Church openings outpace closings
Scott McConnell, LifeWay Research
April 27, 2010

Church openings outpace closings

Church openings outpace closings
Scott McConnell, LifeWay Research
April 27, 2010

ORLANDO, Fla. — A newly

released LifeWay Research survey of 1,004 Protestant pastors found only 3

percent of their churches served as the primary sponsor of a church plant (new congregation)

during the previous 12 months, and only 14 percent gave financial support in

partnership with other churches to help start new congregations.

However, a second study completed in partnership with Leadership Network

revealed more churches open than close yearly. Only in recent years has the

annual number of new churches in the United States outpaced the annual number

of churches closing their doors.

Twenty-eight percent of the congregations participated in some way, financial

or otherwise, in church plants, LifeWay Research President Ed Stetzer said

today during the Exponential Conference, a church-planting seminar in Orlando,

Fla. Among that 28 percent, roughly half partnered with other congregations in

supporting the new church financially, while 12 percent took direct financial

responsibility as primary sponsor of the new church.

“Although we see more church planting involvement, we need to see a much higher

number of churches starting churches,” Stetzer said. “It is widely acknowledged

that church planting is the most effective form of evangelism. It should be of

great concern that only 28 percent of our North American churches helped start

new congregations at all, including only 12 percent of those who took primary


“For too long, churches have assumed that mission involvement and church

planting is someone else’s responsibility,” Stetzer continued. “The ‘pay, pray

and get out of the way’ mentality causes churches to pay someone else to do

what God has called them to do — and that may be part of why so many have

become cul-de-sacs on the Great Commission highway.”

Far more churches reported participating in missions than church planting,

Stetzer noted. A full 85 percent of the pastors said their congregations prayed

as a group for missionaries at least once a month during the previous year, and

74 percent said their congregations focused that prayer on a specific mission

field or people group. Fifty percent said their congregations conducted one or

more short-term mission projects during the past year, and 20 percent reported

their churches sent out missionaries who served 10 weeks or longer.

“We’re glad to see these numbers; prayer is where a heart for missions and

church planting begins,” Stetzer said. “If God’s people are praying, they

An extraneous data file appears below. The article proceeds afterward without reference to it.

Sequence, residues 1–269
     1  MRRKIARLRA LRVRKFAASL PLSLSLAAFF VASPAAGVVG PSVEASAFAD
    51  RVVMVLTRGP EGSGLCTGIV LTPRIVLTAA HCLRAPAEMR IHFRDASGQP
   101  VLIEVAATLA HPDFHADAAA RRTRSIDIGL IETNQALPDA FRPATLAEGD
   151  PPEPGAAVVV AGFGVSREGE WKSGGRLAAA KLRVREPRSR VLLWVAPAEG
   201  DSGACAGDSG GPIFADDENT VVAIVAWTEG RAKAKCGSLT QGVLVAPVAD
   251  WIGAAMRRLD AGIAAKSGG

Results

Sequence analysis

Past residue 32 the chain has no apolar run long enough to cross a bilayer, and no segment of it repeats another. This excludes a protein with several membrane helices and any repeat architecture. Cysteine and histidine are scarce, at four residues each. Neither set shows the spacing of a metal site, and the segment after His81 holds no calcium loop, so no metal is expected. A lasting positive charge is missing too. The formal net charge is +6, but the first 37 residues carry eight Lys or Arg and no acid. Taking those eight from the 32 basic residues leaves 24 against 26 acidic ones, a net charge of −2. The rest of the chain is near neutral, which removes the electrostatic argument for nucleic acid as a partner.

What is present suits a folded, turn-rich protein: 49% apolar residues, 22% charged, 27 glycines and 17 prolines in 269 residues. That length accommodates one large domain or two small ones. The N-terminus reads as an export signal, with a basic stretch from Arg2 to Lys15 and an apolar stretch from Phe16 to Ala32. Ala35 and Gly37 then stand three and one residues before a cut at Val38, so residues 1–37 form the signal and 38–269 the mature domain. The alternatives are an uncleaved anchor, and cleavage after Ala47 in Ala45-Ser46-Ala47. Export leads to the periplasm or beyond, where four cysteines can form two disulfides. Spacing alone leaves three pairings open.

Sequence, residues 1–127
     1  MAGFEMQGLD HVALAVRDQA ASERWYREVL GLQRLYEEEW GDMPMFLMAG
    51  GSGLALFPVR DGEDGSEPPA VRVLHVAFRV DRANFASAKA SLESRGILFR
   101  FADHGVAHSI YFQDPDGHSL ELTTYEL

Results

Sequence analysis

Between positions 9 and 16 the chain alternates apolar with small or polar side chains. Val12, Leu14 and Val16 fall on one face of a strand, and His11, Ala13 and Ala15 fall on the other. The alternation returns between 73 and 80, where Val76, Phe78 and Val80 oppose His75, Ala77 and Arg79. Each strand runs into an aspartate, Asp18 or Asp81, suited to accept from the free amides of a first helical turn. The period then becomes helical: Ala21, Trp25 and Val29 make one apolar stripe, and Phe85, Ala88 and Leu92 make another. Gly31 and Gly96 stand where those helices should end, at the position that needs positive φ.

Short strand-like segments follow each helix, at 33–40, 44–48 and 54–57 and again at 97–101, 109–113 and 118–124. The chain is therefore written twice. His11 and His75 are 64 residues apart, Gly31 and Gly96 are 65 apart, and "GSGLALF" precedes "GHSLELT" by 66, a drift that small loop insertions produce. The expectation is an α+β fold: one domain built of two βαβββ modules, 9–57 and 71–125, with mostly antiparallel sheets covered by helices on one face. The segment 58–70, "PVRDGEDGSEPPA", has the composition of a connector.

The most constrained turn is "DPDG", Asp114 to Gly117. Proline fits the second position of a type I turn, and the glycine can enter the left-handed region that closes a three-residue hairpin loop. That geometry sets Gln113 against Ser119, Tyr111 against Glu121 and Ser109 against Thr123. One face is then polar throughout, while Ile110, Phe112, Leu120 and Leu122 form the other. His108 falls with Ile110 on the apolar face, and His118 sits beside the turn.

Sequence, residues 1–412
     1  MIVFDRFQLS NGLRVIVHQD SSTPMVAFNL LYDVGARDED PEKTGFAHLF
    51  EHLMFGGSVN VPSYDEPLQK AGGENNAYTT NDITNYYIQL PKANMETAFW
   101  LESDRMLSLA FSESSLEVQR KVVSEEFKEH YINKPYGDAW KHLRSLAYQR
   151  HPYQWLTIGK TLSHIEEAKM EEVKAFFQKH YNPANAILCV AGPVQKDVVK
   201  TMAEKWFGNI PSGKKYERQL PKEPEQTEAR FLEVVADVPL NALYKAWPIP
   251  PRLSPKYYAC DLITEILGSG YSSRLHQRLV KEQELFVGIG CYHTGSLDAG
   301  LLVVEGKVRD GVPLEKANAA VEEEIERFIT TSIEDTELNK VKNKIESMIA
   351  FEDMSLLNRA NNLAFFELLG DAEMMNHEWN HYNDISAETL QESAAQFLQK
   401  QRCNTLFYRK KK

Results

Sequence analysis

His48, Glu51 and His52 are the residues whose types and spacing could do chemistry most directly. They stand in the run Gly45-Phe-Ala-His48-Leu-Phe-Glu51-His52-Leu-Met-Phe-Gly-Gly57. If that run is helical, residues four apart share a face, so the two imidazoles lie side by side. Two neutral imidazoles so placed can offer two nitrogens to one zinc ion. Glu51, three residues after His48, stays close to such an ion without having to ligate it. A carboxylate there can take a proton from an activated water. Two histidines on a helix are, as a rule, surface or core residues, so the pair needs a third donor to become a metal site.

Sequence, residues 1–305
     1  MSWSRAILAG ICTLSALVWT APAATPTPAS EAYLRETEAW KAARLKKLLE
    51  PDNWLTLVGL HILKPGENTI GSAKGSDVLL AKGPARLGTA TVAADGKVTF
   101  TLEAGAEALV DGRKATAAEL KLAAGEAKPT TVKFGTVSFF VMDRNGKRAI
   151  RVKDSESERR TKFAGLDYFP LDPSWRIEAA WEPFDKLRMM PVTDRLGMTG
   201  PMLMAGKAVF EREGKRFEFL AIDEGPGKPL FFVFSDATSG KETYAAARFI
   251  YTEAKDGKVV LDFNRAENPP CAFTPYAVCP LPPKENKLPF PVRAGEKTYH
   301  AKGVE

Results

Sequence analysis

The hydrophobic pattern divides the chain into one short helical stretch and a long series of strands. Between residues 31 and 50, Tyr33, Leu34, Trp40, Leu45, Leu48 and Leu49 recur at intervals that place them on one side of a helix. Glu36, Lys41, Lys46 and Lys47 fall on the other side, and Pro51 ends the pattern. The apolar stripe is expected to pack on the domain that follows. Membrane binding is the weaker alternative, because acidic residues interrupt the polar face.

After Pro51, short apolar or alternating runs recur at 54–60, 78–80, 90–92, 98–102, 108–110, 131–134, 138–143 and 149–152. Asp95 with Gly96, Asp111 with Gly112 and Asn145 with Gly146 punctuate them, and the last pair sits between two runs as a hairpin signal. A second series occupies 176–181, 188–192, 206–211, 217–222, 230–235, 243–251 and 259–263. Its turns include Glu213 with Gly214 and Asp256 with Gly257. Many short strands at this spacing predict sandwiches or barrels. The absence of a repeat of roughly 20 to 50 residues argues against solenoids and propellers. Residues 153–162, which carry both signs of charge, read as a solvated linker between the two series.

eventually will hear Him telling them to get their hands working directly in

the fields that are ‘white unto harvest,’ but we have to help our people

transition from short-term hands-on involvement to longer-term investment of

their lives.”

Some of the other survey results, however, do represent a cause for concern,

Stetzer added.

Among all Protestant churches surveyed, 5 percent provided one-time direct

financial support, such as a cash gift, for a church plant, and 4 percent

provided tangible support, such as equipment or rent-free meeting space,

Stetzer said.

Although most churches are not currently involved in church planting, there is

evidence — increases in the number of church plants and the response to church

planting events — to suggest a growing interest and involvement in church

planting. According to new research reported in the recently released book Viral Churches: Helping Church Planters Become Movement Makers by Stetzer and

Warren Bird, all types of church leaders can become movement makers. Citing several of the practical examples in Viral Churches, Stetzer

challenged attendees at the Exponential Conference to adopt future church

planters as short-term interns; co-sponsor a new church by loaning people and

resources; and provide coaching, whether directly or indirectly, for the

leaders of recently launched churches.

The LifeWay Research

telephone survey of 1,004 Protestant senior pastors, ministers or priests was

conducted with a randomly drawn list of churches in December 2008. Up to six

calls were made to reach a sampled phone number. Responses were weighted to

reflect the geographic distribution of Protestant churches, and the sample

provides 95 percent confidence that the sampling error does not exceed +3.1

percent. Margins of error are higher in sub-groups. The Leadership Network data

determining a greater number of church openings than closings was compiled in

2007. Numbers were determined by analyzing church plants and closures from 13

denominations representing 46 percent of America’s 300,000 Protestant churches.